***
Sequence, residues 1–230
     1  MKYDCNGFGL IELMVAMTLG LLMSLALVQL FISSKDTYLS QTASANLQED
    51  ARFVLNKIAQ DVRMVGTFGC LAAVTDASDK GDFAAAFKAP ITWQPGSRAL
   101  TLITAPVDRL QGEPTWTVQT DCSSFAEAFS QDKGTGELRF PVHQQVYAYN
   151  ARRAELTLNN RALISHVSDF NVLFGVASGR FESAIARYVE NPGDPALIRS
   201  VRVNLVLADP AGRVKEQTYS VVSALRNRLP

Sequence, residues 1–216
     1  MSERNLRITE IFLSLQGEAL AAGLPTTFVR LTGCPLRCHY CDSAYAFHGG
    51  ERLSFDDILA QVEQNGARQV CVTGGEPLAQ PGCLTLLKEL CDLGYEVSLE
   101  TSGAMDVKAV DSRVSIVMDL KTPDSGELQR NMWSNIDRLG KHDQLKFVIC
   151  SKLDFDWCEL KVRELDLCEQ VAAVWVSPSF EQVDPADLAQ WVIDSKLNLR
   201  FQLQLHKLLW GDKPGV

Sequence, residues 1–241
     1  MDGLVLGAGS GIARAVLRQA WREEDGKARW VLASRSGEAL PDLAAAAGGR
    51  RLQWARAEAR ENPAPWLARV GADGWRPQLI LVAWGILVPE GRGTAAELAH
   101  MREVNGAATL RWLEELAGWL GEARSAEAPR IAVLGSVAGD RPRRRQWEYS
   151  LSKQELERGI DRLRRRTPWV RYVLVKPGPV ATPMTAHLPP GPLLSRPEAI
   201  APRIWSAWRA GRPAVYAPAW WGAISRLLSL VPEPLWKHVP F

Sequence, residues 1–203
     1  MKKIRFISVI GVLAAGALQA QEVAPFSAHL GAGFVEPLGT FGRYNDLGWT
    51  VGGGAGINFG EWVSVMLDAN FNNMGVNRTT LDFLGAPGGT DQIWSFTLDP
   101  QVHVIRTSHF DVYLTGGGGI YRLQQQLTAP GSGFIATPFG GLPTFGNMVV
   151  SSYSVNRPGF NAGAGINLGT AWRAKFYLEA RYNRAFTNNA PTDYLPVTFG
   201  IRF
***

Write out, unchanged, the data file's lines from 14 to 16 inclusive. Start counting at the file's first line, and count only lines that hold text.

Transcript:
     1  MDGLVLGAGS GIARAVLRQA WREEDGKARW VLASRSGEAL PDLAAAAGGR
    51  RLQWARAEAR ENPAPWLARV GADGWRPQLI LVAWGILVPE GRGTAAELAH
   101  MREVNGAATL RWLEELAGWL GEARSAEAPR IAVLGSVAGD RPRRRQWEYS